This isn't the first unvarnished portrayal of city fireman. It maybe the most stark and at times unsettling. But like the firemen, Downey sees no need for apologies. If someone will walk through a wall of flame to see if Grandma is inside your burning house, the rest is supposed to seem incidental. "New York Daily News"

Full of firefighters' war stories, of macho camraderie, and of the gallows humor common to men who put their lives on the line every day. . . A powerful tribute to men whose daily lives are the stuff of heroism. "Kirkus Reviews (starred review)"

Downey's descriptions burn into the pages with searing intensity. Writing with verve and energy in a gritty style, he explores all extremes of the firemen's world, from triumphant moments of heroism to bitter tragedies. "Publisher's Weekly"

I have been a career firefighter for 32 years and have read a lot of books and seen a lot of movies on firefighting; none rises to the level of authenticity of Tom Downey's "The Last Men Out." . . . Downey does a masterful job. "James Grigsby, chief officer with the Roanoke Fire-EMS, The Roanoke Times""


This isn't the first unvarnished portrayal of city fireman. It maybe the most stark and at times unsettling. But like the firemen, Downey sees no need for apologies. If someone will walk through a wall of flame to see if Grandma is inside your burning house, the rest is supposed to seem incidental. New York Daily News

Full of firefighters' war stories, of macho camraderie, and of the gallows humor common to men who put their lives on the line every day. . . A powerful tribute to men whose daily lives are the stuff of heroism. Kirkus Reviews (starred review)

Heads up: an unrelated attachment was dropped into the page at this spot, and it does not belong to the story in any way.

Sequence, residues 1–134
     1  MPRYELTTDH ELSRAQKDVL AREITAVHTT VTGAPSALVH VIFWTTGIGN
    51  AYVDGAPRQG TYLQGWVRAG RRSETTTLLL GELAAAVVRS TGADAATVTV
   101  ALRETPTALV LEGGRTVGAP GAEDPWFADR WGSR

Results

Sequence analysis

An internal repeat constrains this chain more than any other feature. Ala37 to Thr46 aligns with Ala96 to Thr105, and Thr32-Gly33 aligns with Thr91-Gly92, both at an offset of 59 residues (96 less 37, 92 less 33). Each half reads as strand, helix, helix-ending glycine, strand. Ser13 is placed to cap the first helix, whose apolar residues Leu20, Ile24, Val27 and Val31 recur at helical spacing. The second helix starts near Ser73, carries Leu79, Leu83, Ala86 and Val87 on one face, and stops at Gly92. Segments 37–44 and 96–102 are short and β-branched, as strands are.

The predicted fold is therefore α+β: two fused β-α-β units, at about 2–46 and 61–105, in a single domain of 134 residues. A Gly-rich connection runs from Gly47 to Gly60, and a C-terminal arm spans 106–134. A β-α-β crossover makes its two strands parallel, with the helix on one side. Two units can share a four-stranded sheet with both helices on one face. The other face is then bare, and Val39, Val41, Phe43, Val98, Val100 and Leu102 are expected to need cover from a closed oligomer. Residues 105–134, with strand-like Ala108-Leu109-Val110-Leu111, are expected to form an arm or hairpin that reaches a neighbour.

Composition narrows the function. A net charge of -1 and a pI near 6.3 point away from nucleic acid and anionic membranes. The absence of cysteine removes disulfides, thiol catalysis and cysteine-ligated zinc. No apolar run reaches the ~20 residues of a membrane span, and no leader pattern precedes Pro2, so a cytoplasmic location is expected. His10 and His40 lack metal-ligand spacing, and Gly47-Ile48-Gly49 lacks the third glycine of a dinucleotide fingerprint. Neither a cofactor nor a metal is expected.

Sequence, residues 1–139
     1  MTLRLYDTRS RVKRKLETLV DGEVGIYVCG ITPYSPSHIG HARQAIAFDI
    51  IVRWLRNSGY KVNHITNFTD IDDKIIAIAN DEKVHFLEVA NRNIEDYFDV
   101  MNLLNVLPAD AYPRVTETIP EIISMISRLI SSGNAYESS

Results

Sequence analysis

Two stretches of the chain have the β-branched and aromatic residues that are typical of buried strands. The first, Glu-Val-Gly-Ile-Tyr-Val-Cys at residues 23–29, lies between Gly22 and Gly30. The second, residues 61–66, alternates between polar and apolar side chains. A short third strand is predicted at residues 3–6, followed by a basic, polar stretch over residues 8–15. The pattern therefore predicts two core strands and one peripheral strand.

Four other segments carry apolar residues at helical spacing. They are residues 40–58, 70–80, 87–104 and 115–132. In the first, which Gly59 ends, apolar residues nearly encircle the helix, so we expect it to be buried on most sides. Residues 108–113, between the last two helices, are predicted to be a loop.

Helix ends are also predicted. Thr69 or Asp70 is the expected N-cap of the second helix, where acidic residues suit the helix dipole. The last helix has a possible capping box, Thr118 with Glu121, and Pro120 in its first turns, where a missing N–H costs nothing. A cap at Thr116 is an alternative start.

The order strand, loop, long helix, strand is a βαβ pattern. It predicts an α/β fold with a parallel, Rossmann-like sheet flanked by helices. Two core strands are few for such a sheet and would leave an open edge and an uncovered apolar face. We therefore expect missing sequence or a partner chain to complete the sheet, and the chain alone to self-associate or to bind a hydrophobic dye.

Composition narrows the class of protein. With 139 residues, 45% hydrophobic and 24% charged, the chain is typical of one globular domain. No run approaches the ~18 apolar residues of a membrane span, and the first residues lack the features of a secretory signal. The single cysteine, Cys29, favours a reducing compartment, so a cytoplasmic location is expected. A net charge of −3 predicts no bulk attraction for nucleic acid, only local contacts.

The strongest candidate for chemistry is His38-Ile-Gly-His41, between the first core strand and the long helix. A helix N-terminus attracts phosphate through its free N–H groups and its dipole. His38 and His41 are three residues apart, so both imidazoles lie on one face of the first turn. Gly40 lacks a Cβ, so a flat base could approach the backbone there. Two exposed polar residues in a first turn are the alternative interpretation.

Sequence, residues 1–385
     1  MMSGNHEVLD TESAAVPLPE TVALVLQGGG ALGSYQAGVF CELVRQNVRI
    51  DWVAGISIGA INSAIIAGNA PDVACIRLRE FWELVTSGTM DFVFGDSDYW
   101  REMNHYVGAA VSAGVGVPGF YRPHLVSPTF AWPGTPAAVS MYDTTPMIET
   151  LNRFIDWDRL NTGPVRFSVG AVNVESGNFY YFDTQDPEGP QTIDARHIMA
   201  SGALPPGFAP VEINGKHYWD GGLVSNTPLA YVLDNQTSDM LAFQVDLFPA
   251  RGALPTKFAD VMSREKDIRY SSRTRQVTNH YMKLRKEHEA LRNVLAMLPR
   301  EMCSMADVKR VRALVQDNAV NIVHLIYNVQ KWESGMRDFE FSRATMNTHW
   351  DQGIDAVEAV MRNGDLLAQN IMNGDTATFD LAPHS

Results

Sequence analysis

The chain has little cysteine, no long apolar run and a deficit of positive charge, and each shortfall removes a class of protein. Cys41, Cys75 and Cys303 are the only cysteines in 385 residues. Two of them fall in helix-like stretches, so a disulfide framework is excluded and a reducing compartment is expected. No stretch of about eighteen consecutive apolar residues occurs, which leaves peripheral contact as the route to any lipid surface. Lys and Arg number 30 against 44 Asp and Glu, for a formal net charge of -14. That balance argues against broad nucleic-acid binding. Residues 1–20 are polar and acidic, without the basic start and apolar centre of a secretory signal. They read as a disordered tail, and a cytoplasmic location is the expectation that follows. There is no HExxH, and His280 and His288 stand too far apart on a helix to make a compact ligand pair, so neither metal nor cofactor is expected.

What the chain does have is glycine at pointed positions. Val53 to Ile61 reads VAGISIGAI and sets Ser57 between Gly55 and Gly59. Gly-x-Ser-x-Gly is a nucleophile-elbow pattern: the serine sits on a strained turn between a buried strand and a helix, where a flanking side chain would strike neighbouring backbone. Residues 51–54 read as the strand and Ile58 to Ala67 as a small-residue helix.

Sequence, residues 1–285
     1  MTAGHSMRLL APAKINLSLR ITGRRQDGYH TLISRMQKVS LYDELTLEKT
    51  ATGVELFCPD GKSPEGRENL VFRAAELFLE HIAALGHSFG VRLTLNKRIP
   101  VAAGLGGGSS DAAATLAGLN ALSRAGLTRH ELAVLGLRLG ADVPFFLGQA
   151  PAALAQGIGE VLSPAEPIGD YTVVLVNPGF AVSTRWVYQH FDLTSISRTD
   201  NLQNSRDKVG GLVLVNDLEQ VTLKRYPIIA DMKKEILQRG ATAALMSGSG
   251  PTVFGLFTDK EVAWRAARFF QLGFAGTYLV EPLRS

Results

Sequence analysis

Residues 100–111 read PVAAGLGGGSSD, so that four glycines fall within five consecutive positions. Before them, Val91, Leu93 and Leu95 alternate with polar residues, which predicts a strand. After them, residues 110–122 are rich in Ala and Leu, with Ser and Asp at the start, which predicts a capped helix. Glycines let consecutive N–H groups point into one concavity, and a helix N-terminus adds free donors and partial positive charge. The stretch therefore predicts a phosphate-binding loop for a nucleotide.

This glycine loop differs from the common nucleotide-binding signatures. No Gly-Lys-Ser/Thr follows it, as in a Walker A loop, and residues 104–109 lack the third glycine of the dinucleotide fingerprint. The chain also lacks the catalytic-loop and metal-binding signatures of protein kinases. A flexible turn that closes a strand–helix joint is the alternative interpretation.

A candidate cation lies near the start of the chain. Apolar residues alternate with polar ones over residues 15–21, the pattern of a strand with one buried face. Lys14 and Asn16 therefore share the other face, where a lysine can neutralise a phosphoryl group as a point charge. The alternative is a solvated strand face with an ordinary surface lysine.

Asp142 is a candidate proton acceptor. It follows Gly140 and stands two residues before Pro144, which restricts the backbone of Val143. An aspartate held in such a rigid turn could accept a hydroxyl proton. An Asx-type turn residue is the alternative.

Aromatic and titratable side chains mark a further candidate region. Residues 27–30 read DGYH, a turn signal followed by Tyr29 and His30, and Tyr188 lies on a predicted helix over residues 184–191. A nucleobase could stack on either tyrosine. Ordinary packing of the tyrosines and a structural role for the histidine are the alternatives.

Downey's descriptions burn into the pages with searing intensity. Writing with verve and energy in a gritty style, he explores all extremes of the firemen's world, from triumphant moments of heroism to bitter tragedies. Publisher's Weekly

I have been a career firefighter for 32 years and have read a lot of books and seen a lot of movies on firefighting; none rises to the level of authenticity of Tom Downey's The Last Men Out. . . . Downey does a masterful job. James Grigsby, chief officer with the Roanoke Fire-EMS, The Roanoke Times

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"This isn't the first unvarnished portrayal of city fireman. It maybe the most stark and at times unsettling. But like the firemen, Downey sees no need for apologies. If someone will walk through a wall of flame to see if Grandma is inside your burning house, the rest is supposed to seem incidental." --New York Daily News

"Full of firefighters' war stories, of macho camraderie, and of the gallows humor common to men who put their lives on the line every day. . . A powerful tribute to men whose daily lives are the stuff of heroism." --Kirkus Reviews (starred review)

"Downey's descriptions burn into the pages with searing intensity. Writing with verve and energy in a gritty style, he explores all extremes of the firemen's world, from triumphant moments of heroism to bitter tragedies." --Publisher's Weekly

"I have been a career firefighter for 32 years and have read a lot of books and seen a lot of movies on firefighting; none rises to the level of authenticity of Tom Downey's The Last Men Out. . . . Downey does a masterful job." --James Grigsby, chief officer with the Roanoke Fire-EMS, The Roanoke Times